Pattern analysis of human Salmonella enteritidis infection.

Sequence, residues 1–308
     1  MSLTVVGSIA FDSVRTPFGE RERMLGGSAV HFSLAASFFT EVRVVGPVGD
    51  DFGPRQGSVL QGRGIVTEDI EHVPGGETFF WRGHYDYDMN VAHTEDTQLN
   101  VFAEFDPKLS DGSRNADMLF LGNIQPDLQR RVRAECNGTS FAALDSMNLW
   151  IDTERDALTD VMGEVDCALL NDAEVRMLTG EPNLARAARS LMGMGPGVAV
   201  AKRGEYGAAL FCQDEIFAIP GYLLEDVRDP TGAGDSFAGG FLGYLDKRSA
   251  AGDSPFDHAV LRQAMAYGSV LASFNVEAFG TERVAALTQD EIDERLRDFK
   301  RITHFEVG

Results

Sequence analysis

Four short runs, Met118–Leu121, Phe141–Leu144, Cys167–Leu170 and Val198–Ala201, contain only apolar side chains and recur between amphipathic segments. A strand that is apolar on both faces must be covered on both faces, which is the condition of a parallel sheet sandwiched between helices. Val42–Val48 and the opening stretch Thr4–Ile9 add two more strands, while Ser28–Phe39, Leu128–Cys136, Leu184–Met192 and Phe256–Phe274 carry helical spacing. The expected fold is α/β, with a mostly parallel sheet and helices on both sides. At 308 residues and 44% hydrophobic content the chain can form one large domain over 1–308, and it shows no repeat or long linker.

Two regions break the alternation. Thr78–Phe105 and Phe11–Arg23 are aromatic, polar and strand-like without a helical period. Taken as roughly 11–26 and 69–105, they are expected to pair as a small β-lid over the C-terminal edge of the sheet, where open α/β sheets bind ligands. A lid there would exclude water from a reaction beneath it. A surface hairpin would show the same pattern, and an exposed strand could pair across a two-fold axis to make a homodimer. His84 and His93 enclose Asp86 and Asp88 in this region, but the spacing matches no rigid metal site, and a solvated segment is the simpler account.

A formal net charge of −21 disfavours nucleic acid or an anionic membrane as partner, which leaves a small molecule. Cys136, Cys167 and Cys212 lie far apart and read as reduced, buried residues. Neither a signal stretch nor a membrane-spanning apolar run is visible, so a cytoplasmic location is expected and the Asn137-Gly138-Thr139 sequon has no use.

ABSTRACT Information on salmonella serovar, community, and date of isolation concerning 10,368 cases of S. enteritidis (SE) infection and 1163 cases of S. typhimurium (ST) infection reported in 1992 to the Salmonella Data Bank of the Land of Brandenburg have been analyzed for clusters and trends on case/time diagrams. A breakdown by district provided a suitable degree of "resolution" for discrimination of "Episodes of Increased Case Frequency" (EICF) and 7 days moving averages. Thus 39 of the 44 districts of the Land were included in the evaluation of SE cases. The population size of the remaining 5 districts was too high for clear episode discrimination. EICFs were subdivided into (a) 16 outbreaks (another 10 outbreaks occurred outside EICFs), which had also been identified and officially reported by local health services as a result of compulsory investigation of cases and their social environment, and (b) 44 "case accumulations" (ACCs), which were only identified by retrospective analysis of the case/time diagrams. By this procedure, three case categories of distinct properties have been found for SE transmission from the animal reservoir to the human population: outbreaks, ACCs, and "truly sporadic cases" scattered over the district outside outbreaks and ACCs (Table 3). Truly sporadic cases (Table 6) represented the largest proportion of SE cases. ACCs accounted for 37% and outbreaks, for 12%. The most striking result concerns the ACCs, which cover slightly larger geographical areas (mean: 3.5 communities) and last longer (mean: 3 weeks, but up to 7 weeks) than officially recorded outbreaks (means: 2 communities and 2 weeks). SE-ACCs differed from SE outbreaks also in the seasonal pattern. Otherwise, ACCs met outbreak characteristics including the average number of persons involved (mean: 64, for outbreaks: 42; Table 4). The results suggest that SE-ACCs represent an important and distinct element in the SE epidemic. This conclusion is supported by a comparison of the findings with results obtained by the same procedure for ST cases. ST outbreaks do not differ from ST-ACCs in any respect, and both types of ST-episodes are of significantly shorter duration and comprise less people than episodes due to SE. The public health significance of the SE-ACCs as a newly detected and particular element of the current SE epidemic is discussed. In view of the epidemiological significance, i.e. the high proportion of all SE cases involved, it appears justified to develop methods for the early detection of ACCs and the search for the "missing link" between the cases and their source at the community level.